South Africa Considers Potentially Requiring Patents On Publicly Funded Research

from the say-what-now? dept

I missed this story from a few weeks ago, but one of our readers, going by the name of bikey, alerts us to a proposal in South Africa, that would potentially require patents on certain publicly funded research. While this seems totally backwards for any number of reasons (and many of us believe that publicly funded research should be available to the public since they paid for it), apparently some are concerned that "foreign multinationals" might "misappropriate" the research. So, even if a university and the researcher choose not to protect the research results with IP, if a government body determines that the results could have commercial viability, it would have the ability to control the rights. Amusingly, those supporting this proposal claim it will help "facilitate tech transfer." Actually, it does the opposite, because it puts limits and a tollbooth in the way -- but why let that get in the way.

The article notes (phew) that there's significant opposition to the proposal -- especially from researchers who are greatly troubled by the fact that researchers may have no say in whether or not their research is "protected," and how it may do serious harm to "open" research initiatives and idea sharing -- which, by the way, have been shown to increase the pace of innovation. The article also does a good job highlighting how the focus on patenting university research in the US has done more harm than good, by decreasing openness, slowing down the pace of innovation and causing universities to spend tons of money on "tech transfer offices" that get too focused on trying to lock up every idea a professor has. All in all, this proposal sounds dreadful. Who would support it? Well, at the end of the article, they indicate Microsoft is a big fan. Anyway, since the article is from a few weeks ago, it would be great to know if there's been any update on this. Anyone have any info on whether this proposal is going anywhere?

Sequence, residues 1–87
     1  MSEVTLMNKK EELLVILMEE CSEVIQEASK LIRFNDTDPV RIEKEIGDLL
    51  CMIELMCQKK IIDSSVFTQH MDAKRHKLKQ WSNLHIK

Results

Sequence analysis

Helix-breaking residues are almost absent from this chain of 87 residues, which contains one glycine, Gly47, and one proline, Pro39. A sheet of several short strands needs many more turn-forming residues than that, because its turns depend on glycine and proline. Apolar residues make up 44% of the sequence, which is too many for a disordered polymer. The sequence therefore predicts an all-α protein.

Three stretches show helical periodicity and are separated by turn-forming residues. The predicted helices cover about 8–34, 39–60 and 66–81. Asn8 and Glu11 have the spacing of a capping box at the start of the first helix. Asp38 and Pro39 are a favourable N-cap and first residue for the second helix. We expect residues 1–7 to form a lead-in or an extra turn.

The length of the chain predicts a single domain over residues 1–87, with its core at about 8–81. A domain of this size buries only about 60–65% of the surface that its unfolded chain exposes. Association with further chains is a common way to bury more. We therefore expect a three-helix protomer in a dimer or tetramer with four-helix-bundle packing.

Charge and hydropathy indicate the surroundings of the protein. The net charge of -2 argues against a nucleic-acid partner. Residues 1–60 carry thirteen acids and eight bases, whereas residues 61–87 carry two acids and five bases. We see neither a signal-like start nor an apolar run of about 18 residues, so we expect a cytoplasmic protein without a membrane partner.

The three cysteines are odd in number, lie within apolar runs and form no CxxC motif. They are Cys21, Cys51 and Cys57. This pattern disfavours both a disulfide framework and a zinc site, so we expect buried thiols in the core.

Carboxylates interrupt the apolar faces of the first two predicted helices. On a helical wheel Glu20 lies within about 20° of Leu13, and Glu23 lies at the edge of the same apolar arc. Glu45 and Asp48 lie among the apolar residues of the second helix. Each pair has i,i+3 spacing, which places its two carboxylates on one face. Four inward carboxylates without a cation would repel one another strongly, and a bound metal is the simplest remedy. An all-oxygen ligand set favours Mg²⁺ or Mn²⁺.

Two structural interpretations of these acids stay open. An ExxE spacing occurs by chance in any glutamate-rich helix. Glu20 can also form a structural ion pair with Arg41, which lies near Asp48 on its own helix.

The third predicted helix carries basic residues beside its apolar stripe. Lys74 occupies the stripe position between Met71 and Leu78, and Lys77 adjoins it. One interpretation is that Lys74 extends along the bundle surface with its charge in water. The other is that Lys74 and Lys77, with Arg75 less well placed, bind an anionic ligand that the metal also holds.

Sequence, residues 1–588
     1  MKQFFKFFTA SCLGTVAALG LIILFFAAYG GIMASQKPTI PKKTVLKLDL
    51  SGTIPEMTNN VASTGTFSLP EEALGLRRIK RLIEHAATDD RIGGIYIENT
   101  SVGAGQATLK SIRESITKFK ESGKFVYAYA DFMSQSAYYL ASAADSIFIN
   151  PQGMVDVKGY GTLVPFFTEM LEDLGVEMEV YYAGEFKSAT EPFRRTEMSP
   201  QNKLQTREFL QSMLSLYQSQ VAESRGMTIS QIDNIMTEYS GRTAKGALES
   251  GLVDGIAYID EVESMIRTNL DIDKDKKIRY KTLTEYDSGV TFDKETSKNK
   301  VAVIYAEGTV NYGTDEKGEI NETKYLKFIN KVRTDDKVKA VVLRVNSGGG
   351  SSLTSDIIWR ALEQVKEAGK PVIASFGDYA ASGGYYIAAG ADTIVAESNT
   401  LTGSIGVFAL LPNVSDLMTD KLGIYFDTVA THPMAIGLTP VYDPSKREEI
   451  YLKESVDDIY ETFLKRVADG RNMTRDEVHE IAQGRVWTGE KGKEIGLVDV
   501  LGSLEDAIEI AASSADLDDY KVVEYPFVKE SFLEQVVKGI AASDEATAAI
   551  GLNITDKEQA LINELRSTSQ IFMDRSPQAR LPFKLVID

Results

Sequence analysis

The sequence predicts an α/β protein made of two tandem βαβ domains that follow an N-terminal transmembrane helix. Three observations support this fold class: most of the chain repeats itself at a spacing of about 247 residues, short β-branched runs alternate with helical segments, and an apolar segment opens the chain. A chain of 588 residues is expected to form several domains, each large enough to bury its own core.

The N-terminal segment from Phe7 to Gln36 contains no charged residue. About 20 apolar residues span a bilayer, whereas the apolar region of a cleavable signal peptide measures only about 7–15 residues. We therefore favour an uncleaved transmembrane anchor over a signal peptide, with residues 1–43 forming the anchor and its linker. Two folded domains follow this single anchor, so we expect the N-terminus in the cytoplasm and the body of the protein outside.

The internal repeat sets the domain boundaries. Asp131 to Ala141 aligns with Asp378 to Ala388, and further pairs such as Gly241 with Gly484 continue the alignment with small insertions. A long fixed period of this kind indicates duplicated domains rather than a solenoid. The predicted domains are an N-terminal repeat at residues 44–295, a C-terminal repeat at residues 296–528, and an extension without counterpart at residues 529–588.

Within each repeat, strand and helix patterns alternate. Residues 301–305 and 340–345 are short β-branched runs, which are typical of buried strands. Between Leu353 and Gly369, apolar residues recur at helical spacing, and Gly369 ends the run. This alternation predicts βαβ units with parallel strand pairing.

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Filed Under: patents, research, south africa


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  1. identicon
    Anonymous Coward, 25 Jun 2009 @ 11:38pm

    I love the idea of seeing the leeches worry about their "blood supply".


    I think it is quite interesting that "Not For Profit" Universities and their associated researchers feel they are entitled to patents.

    If "Universities" paid for taxes, such as property taxes for fire, police, etc, Income tax, etc then maybe. But when the government puts a gun to my head, says "give us your money" so we can give it some some dumb fuck professor that wants tenure instead of "real job" on the off chance he or the university might get rich off some research that I funded is BS.

    Stanford, Havard, MIT, and their professors want it both ways. They have no risk, but all the rewards. Private companies have all the risks and limited rewards (based on patent life time.. 10% of a copyright.)

    I have no problem that if a government funds something it belongs to the people that "funded it". I have a real problem with leeching "Non-profit", "governement funding" institutions owning anything THEY didn't invest in.

    When will people understand that "Government Agencies" that give out extortion money are:

    1. Wasting 80% of the money they give out because no rational institutional would do it. (Including Universities that have HUGE investment funds.. Billions)

    2. If the individuals that worked in the government had insight, they would be working in private enterprise that would pay them 10 times their governement salary if they knew WTF they were doing.

    If Uni. Researcher want to do research, God Bless them, but that should NOT be a free ticket for them getting a tax free, limited edition Lotto ticket. Want fame, go work tax free, tenured, no obligation to produce, Want fortune, then invest your own f**** money or work in the real world. But God Damn-it, Stop putting a gun to my head, taking my money (most likey wasting it) so you MIGHT have a .000000001% chance at both ,instead of me enjoying what I of what I earned. If I should invest in it, then I should get some sort of ROI. .. and don't give me some BS about the "World being a better place".. Sanford, MIT and Havard don't give a care.. it is all about their campus.

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